In the previous models, space and location were important factors of production, but they did not predestine the fate and economic performance of an enterprise. In his work “The Principles of Economy” (1890), Alfred Marshall writes about industrial districts having more of an effect on the performance of corporations than other factors of production, including raw materials and labour force. 38

39 Alfred Marshall’s industrial districts
An industrial district is a concentration of small businesses in a given location, which have very important social connections. Properties: Spatial proximity, geographic continuity Social proximity: institutions, codes and practices, rules are homogenous throughout the area, which triggers cooperation Concentration of small firms, which are capable of speedy adaptation to changing conditions and demands Such areas are known today as clusters. 39

40 Benefits of district economies
Lower production costs: intermediate products, parts, etc. do not need to be transported, work force is more flexible and adaptable Lower transaction costs: management and organisation is much simpler because of the shared values Higher efficiency of factors of production Example: Northeastern Italy’s Veneto and Emilia-Romagna regions 40

41 Myrdal and Kaldor’s circular processes
Gunnar Myrdal and Nicholas Kaldor worked on a new model of regional development. According to them, economic processes are self-enforcing, cyclical events, regardless of being positive or negative. There are virtuous circles and vicious circles. Virtuous circles are driven by increasing returns to scale (compare this to the mainstream concept of diminishing returns to scale) The other driving force behind virtuous circles is the accelerator effect. 41

42 Myrdal and Kaldor’s circular processes
Gunnar Myrdal and Nicholas Kaldor worked on a new model of regional development. According to them, economic processes are self-enforcing, cyclical events, regardless of being positive or negative. There are virtuous circles and vicious circles. Virtuous circles are driven by increasing returns to scale (compare this to the mainstream concept of diminishing returns to scale) The other driving force behind virtuous circles is the accelerator effect. 42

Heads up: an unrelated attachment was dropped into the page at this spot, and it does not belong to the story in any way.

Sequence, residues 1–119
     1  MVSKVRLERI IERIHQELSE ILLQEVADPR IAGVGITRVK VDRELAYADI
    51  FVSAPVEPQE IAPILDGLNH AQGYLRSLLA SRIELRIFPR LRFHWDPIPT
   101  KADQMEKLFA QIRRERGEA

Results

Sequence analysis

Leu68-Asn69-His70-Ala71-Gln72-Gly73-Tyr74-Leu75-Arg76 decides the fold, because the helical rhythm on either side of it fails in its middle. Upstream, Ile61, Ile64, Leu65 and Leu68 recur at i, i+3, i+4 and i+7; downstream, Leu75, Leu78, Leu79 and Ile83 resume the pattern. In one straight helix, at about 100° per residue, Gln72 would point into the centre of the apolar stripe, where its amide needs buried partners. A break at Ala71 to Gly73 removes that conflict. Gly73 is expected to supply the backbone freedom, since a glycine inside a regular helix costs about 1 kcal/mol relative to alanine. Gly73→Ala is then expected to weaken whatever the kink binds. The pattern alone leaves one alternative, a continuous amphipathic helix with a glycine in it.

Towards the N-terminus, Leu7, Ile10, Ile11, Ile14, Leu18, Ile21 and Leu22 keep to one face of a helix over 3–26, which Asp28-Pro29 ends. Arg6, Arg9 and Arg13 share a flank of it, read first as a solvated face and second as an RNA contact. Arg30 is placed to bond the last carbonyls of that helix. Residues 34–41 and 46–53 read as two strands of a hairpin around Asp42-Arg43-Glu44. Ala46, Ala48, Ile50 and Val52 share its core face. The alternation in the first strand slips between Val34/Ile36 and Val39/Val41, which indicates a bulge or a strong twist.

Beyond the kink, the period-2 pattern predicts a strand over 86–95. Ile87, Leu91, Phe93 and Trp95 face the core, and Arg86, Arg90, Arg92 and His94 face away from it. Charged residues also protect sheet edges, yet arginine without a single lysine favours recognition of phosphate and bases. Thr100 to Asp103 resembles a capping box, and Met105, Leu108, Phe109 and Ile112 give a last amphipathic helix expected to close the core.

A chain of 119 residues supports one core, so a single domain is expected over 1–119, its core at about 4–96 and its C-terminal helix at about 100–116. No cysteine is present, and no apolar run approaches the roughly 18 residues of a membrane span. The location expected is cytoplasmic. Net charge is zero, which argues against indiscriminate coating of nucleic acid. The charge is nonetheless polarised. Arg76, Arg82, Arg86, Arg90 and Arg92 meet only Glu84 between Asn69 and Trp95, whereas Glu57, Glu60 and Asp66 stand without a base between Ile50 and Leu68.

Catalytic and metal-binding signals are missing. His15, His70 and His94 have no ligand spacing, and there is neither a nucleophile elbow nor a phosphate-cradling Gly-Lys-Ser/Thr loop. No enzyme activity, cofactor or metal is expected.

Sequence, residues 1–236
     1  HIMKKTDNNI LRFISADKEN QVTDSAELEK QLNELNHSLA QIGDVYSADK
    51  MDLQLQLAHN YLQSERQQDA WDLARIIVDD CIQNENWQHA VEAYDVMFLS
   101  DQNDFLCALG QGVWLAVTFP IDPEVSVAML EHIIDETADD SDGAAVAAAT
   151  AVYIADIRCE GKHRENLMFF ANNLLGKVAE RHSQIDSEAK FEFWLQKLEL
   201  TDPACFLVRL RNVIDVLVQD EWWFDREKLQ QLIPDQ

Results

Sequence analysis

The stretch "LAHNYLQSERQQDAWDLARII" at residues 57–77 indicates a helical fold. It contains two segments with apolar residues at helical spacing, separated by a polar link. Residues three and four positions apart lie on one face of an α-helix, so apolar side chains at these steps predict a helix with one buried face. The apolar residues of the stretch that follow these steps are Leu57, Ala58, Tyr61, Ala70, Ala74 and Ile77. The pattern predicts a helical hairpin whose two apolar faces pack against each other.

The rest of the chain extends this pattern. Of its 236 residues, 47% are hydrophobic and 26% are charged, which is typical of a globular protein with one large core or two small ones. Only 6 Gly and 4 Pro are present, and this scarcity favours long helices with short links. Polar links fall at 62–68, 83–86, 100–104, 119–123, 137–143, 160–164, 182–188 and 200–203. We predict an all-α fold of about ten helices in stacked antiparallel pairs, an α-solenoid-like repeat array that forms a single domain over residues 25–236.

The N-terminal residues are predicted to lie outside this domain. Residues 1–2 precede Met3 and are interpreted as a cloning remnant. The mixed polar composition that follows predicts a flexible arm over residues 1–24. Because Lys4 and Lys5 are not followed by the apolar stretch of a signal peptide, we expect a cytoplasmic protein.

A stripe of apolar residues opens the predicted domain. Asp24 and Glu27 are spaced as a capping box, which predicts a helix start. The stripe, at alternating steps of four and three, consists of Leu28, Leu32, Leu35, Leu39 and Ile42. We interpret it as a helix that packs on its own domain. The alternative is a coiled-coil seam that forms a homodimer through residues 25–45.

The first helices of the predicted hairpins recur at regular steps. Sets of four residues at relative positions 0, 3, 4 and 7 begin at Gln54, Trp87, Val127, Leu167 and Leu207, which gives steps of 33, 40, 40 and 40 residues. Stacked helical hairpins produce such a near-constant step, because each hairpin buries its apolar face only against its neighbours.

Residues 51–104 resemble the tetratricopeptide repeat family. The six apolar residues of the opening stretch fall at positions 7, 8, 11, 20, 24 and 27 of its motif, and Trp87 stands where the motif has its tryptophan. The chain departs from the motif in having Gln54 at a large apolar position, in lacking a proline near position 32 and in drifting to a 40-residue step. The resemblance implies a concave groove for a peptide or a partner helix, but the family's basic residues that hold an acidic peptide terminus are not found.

43 Paul Krugman’s New Economic Geography
Towards the end of the 20th Century, the geographic dimension of the economy was fading from view Paul Krugman’s greatest merit is the bringback of the economic dimension into mainstream economics. Krugman’s works had a profound and detrimental effect on the one-point economy that was (and still is) dominant in economics. His starting points were the same as Weber’s. He began investigating factors of production in light of transportation, work force and economies of scale, but he comes to a radically different conclusion than Weber does. 43

44 Paul Krugman’s New Economic Geography
To start out, he rejects the principle of diminishing returns in the case of economic concentration: let us not forget that the entire classical economic theory rested on this principle. Why does the principle of diminishing returns not hold in larger agglomerations? Weber and Lösch’s theorems on having to serve increasingly distant consumers with ever increasing transportation costs do not hold, because as production concentrates, so do consumers. Transportation costs do not increase (as dramatically) because of the improving transportation technology and the information revolution Large agglomerations permit mutual specialisation of economic activities, strong interdependences form, and a dramatic increase is achieved in efficiency. The use of tacit knowledge is only possible in geographic proximity. 44

45 Paul Krugman’s New Economic Geography
According to Krugman, failing to start development in time has permanent detrimental effect on late starters. He found that if a progression towards greater concentration and efficiency begins in a point in space, this will be unstoppable, and this will present an advantage (and a disadvantage for competitors, who will not be able to catch up with it). This sends a very pessimistic message to developing regions. 45